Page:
Starwatch for January 2023

Written by on January 22, 2023

Hello! I’m Karl Hricko of United Astronomy Clubs of NJ and the National Space Society, bringing you the January Starwatch for the WNTI listening area.


Ring in the new, and ring out the old.  It’s January, the first month of the year.  But was that always true? Well, a calendar is an artificial system that we try to match up with the motion of the Earth around the Sun.  The problem is that there isn’t an even number of days in a year.


To correct for this mismatch, Julius Caesar changed the 10 month Roman Calendar which began in March, by introducing a 12 month calendar. He also introduced the idea that a day should be added to February every 4th year, to make it a leap year.


This still wasn’t a good match because by the 16th Century, the calendar was behind by 10 days.  So in 1582 Pole Gregory XIII and his astronomers made a change to the Julian calendar by decreeing October 5 to be October 15, back in line with the seasons. Now, every 4th year is a leap year except when it falls on a century year that is not evenly divided by 400.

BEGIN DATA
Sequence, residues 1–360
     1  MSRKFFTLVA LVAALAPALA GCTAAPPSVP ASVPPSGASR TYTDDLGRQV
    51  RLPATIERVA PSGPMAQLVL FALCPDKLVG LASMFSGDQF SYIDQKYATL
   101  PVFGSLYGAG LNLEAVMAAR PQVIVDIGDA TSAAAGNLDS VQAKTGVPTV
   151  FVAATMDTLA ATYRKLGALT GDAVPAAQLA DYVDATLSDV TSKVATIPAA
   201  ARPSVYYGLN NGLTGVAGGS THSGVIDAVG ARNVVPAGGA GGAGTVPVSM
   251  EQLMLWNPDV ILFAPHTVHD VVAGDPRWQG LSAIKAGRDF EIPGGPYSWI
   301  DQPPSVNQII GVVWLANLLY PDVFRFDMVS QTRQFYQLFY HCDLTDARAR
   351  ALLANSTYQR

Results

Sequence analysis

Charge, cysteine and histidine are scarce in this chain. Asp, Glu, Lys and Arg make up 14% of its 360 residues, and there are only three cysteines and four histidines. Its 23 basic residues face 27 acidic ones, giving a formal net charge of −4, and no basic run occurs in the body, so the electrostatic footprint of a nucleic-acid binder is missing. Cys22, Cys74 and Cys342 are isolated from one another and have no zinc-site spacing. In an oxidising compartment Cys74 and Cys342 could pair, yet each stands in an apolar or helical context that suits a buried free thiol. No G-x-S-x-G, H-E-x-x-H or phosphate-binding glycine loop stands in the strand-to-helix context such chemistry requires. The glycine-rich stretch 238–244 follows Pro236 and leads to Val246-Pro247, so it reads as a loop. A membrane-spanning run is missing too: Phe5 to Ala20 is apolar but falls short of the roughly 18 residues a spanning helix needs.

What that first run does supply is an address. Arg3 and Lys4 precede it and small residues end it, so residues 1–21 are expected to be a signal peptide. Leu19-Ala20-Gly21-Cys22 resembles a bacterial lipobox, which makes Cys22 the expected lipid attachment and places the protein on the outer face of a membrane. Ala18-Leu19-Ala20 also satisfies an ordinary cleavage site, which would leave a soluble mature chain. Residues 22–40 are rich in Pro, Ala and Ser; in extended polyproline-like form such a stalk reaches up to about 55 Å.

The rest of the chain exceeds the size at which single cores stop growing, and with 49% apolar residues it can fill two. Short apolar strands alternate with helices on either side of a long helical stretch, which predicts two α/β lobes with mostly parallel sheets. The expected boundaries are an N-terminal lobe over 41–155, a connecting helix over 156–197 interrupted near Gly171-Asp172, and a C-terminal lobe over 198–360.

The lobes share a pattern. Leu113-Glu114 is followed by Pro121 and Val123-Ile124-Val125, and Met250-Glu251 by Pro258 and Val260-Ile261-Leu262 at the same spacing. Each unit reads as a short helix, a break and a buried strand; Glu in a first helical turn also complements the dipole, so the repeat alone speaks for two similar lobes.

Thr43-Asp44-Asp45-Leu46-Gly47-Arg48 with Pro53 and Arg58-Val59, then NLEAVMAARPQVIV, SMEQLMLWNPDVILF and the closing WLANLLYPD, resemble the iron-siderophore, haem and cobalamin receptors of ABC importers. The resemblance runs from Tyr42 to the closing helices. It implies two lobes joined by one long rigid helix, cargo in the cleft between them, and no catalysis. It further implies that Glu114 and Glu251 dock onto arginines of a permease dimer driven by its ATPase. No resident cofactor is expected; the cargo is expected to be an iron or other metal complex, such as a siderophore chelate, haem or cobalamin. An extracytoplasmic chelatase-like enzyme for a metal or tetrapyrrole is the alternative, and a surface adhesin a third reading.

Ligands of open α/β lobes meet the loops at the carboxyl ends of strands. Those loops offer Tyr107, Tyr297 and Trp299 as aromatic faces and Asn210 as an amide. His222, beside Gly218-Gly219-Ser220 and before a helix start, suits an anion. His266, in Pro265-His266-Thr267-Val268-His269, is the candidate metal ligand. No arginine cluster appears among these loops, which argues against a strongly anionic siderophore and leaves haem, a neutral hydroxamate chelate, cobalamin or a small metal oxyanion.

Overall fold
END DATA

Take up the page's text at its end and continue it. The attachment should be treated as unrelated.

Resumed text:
For the heavens, the stars and planets pay no attention to what we do with our Calendar. After sunset, four of the visible planets can be seen from left to right across the night sky, going from southeast to southwest. Beginning with Mars looking southeast in Taurus, then Jupiter in Pisces, followed by Saturn in Capricornus. At the end of the month, Venus moving down, and Saturn moving upward come close together in the sky.


So, let’s begin our New Year with our Gregorian Calendar, while the stars and planets move through the heavens using their own calendar.


Until our next Starwatch –Don’t forget to check out …  What’s up in the night sky!





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